New York: No sporting event is more popular than the World Cup. Almost half of humanity — more than 3.2 billion people – tuned in to the month-long competition in Brazil in 2014. But long before nations compete on the field, they vie for the prestige of hosting the tournament that generates billions of dollars in television and sponsorship rights for FIFA, football’s ruling body. That competition can spell trouble.
Corruption scandals are dogging previous tournaments as well as future events in Russia and especially Qatar, raising the question: Is corruption indelibly staining the beautiful game?
Gianni Infantino was elected FIFA president in February 2016 on a pledge to restore the ruling body’s reputation.
That goal faced immediate hurdles as documents in the Panama Papers prompted the resignation of a member of FIFA’s ethics committee and a public statement from Infantino, the former head of European football, defending his integrity.
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To make matters worse, FIFA’s head of audit and compliance quit in protest over new powers for top officials that he said would imperil efforts to eliminate corruption. And FIFA’s auditing company resigned because it doubted the ruling body was serious about reform.
The damning headlines continued through 2016: FIFA’s finance director was fired over bonus payments; ethics prosecutors recommended a two-year ban for a FIFA executive over the award of the 2006 World Cup to Germany; and FIFA said multimillion-dollar payments to long-serving former president Sepp Blatter and two other top executives probably broke Swiss law.
Blatter was banned in 2015 over a payment to Michel Platini, who had been the favourite to succeed him. The corruption scandal came to a head earlier that year when dozens of senior football officials were arrested in Swiss police raids on a luxury Zurich hotel, and the US Justice Department charged 41 people and companies in an investigation into what it called “rampant corruption" in the sport.
The US allegations involve hundreds of millions of dollars in bribes and have led to at least 15 convictions including five former top FIFA executives. FIFA never released in full its two-year investigation into how Russia and Qatar won their bids, and the man who led the probe resigned in protest.
There were calls to strip Qatar of the 2022 event after claims that it paid bribes, but the tiny desert emirate was cleared by FIFA’s investigation and the tournament moved to the winter to avoid the searing heat of summer. In January, FIFA voted to expand the World Cup to 48 teams from 32 starting in 2026 in a move it expects will boost revenue by as much as 25%.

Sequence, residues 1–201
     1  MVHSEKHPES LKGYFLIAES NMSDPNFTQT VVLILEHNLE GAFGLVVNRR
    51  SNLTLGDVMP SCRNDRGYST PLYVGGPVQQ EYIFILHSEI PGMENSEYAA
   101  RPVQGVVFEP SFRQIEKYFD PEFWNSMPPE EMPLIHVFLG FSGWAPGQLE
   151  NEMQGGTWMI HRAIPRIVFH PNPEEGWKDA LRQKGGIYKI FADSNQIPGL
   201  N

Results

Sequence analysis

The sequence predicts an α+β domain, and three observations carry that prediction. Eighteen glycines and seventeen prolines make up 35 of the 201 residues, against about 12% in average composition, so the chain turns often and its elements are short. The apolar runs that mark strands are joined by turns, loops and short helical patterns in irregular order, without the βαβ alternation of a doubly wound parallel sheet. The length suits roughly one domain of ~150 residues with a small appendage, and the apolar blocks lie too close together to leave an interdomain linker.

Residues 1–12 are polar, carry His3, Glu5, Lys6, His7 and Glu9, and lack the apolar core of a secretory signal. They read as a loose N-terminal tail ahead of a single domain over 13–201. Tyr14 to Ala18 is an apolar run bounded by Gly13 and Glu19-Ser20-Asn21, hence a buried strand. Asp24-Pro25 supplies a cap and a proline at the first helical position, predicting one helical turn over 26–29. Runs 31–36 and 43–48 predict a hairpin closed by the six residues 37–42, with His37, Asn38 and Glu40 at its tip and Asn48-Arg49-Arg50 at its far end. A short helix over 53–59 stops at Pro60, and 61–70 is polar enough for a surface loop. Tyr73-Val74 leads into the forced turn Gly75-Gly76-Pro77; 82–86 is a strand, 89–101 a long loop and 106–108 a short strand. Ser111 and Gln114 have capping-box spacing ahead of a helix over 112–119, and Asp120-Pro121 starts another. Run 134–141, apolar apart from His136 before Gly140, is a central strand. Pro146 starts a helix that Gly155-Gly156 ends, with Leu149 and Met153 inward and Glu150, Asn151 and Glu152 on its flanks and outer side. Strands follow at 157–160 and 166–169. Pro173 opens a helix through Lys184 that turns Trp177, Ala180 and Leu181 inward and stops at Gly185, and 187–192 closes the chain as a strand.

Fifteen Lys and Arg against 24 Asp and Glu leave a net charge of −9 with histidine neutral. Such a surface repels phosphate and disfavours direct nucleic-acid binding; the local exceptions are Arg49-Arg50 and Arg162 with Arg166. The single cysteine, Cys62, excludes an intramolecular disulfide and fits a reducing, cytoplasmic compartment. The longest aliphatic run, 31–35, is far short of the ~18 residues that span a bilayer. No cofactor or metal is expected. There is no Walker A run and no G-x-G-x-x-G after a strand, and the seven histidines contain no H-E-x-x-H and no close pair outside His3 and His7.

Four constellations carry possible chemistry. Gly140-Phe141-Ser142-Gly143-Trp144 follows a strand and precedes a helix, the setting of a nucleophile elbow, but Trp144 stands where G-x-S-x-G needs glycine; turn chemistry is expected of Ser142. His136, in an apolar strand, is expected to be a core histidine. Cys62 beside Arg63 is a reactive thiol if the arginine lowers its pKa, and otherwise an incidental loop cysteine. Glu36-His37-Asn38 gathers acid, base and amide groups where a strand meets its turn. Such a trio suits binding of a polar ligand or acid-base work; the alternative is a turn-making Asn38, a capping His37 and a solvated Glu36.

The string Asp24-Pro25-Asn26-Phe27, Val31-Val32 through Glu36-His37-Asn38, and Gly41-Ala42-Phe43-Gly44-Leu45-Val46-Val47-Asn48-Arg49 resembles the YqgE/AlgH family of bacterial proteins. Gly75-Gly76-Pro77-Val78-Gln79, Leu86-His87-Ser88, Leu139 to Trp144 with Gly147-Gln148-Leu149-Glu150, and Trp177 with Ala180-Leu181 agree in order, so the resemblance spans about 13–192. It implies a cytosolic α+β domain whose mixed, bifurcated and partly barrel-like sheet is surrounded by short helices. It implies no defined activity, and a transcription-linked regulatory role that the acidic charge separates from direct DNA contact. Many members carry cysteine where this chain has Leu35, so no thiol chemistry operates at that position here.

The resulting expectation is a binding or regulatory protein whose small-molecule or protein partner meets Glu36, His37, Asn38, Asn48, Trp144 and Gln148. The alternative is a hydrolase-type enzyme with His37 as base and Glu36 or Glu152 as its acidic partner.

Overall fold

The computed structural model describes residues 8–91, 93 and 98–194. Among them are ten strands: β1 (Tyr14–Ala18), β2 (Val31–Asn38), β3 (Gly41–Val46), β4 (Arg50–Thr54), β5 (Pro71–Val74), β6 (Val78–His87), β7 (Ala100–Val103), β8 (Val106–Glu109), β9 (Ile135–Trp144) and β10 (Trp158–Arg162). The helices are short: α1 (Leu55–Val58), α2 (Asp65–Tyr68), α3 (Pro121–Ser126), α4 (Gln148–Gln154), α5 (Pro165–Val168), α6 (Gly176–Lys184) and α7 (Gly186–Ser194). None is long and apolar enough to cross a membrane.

Disputes over where to hold the event have afflicted the World Cup since it began in 1930. Then, the selection of Uruguay resulted in only four European teams taking part. Uruguay and Argentina boycotted the 1938 competition because Europe was hosting it for the second straight time. FIFA experimented with a rotation system; now it will take bids only from those continents that haven’t staged either of the last two tournaments. Recent history shows there is little—if any—financial benefit to holding the World Cup.
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South Africa recouped just a 10th of its outlay on stadiums and infrastructure for the 2010 event, the first in Africa. World Cup hosts are chosen in a secret vote by the two dozen members of FIFA’s executive committee (which has been rebranded as the FIFA Council). An American former committee member has alleged that he and others accepted bribes in connection with the selection of South Africa. While Canada, Colombia, Mexico and the US are considering hosting the 2026 tournament, the US doesn’t plan to bid unless there’s more transparency in the voting.
Spreading the World Cup around the globe drives the sport’s development. Under Blatter, FIFA said it pushed the tournament into “new lands" to give countries a chance to showcase their culture. Critics of the selection process highlight the money-losing proposition for developing nations—such as Brazil—that might spend the funds in other ways. Others say the selection process is made a farce by corruption fed by billions of dollars reaped from television and sponsorship rights.
While FIFA says it wants to root out the problems and has made changes to its corporate governance, critics say the moves haven’t gone far enough. They also question whether appropriate reforms can be carried out by officials who have been part of the system, like Infantino. Among those who pushed for Blatter’s removal were some of FIFA’s corporate sponsors, including Coca-Cola, Visa and McDonald’s. World Cup sponsors including Sony and Adidas—which together pay $1.6 billion for each World Cup—pressed FIFA to investigate the allegations about Qatar’s bid. Emirates, the Dubai-based airline, and other companies have dropped their support. Bloomberg